Liraglutide more effective than sitagliptin for overall type 2 diabetes management
Switching to the glucagon-like peptide-1 receptor agonist liraglutide from sitagliptin, a DPP-IV inhibitor, may be an effective strategy for controlling HbA1c, body weight, systolic blood pressure and hypoglycemic episodes in adults with type 2 diabetes uncontrolled with sitagliptin, according to findings presented at the 52nd European Association for the Study of Diabetes Annual Meeting.
“The idea of composite outcomes may be a little bit novel to the regulatory bodies, but to our patients it’s very intuitive that patients not only want to get to goal, but they want to get there safely with the least amount of hypoglycemia and preferably no weight gain,” Timothy Bailey, MD, FACE, FACP, director of the AMCR Institute in Escondido, California, said during his presentation.
Bailey and colleagues evaluated data on 406 adults (mean age, 56 years; 60% men) with type 2 diabetes treated with sitagliptin (Januvia, Merck) 100 mg per day plus metformin for at least 90 days randomly assigned to switch to liraglutide (Victoza, Novo Nordisk) 1.8 mg (n = 202) or to continue with sitagliptin (n = 204) once per day with metformin to determine the effects of each on glycemic, body weight, systolic BP and hypoglycemia outcomes after 26 weeks.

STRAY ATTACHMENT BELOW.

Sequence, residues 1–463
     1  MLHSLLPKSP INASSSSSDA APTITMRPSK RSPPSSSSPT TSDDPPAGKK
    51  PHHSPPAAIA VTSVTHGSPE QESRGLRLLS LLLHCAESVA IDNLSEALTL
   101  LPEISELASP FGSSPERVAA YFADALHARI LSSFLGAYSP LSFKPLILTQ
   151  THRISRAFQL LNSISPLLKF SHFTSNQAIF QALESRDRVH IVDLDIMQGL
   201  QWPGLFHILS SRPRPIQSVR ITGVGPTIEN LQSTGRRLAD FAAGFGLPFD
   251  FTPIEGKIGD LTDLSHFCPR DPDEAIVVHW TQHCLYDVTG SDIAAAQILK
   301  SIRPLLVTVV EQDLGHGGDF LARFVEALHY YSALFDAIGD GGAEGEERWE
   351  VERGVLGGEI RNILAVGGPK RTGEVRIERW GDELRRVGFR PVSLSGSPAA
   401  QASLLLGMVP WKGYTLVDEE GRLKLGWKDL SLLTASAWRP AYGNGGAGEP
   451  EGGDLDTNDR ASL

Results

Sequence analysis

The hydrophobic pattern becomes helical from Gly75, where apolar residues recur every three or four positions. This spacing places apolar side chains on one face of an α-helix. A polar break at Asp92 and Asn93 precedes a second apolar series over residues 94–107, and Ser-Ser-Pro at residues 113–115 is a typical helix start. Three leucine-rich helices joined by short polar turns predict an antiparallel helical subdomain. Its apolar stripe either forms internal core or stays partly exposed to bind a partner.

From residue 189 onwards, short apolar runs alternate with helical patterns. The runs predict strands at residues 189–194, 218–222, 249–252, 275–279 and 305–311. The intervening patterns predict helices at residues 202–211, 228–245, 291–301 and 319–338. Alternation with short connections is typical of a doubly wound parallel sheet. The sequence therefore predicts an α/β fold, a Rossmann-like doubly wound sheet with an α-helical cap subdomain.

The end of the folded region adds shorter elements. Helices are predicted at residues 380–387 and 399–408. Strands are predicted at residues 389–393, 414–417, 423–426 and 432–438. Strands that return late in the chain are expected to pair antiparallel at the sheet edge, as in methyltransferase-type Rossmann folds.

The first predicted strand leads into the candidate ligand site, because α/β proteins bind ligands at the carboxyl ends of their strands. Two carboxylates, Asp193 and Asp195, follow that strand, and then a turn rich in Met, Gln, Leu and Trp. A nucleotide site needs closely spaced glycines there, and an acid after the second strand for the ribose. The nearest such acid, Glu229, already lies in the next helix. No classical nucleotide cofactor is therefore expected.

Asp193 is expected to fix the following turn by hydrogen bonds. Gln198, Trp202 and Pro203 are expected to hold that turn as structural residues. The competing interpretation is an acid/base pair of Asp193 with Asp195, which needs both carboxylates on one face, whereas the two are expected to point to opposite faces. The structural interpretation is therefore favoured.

The composite endpoints included HbA1c less than 7% without weight gain; HbA1c less than 7% without weight gain and systolic BP less than 140 mm Hg; HbA1c reduction of at least 1% without weight gain; and HbA1c less than 7% without weight gain and without confirmed hypoglycemic episodes.
Composite endpoints were met by more participants assigned to liraglutide than those assigned to sitagliptin: HbA1c less than 7% without weight gain (OR = 3.4; 95% CI, 2.11-5.49), HbA1c less than 7% without weight gain and systolic BP less than 140 mm Hg (OR = 3.88; 95% CI, 2.36-6.39), HbA1c reduction of at least 1% without weight gain (OR = 2.85; 95% CI, 1.82-4.47) and HbA1c less than 7% without weight gain and without confirmed hypoglycemia episodes (OR = 3.4; 95% CI, 2.11-5.49).
“After 26 weeks, switching from sitagliptin 100 mg per day to liraglutide 1.8 mg per day, compared with continuing sitagliptin, on a background with metformin resulted in statistically significant improved glycemic control, including superior HbA1c reduction, superior reduction in body weight, more subjects reaching glycemic targets, and more subjects meeting clinically relevant composite endpoints relating to glycemia, body weight, systolic BP and hypoglycemia,” Bailey said. “When sitagliptin is insufficient to control glycemia, an approach that you switch to liraglutide provides a clinically relevant treatment option while still allowing subjects to remain on dual therapy.” – by Amber Cox
Bailey T, et al. OP 01. Presented at: 52nd EASD Annual Meeting; Sept. 12-16, 2016; Munich.
Disclosure: Bailey reports various financial ties with Abbott, ACON, AstraZeneca, Bayer, Becton Dickinson, Bristol-Myers Squibb, Dexcom, Eli Lilly and Co., GlaxoSmithKline, Insulet, Hanssen, Lexicon, Lifescan, Medtronic, Novo Nordisk and Sanofi.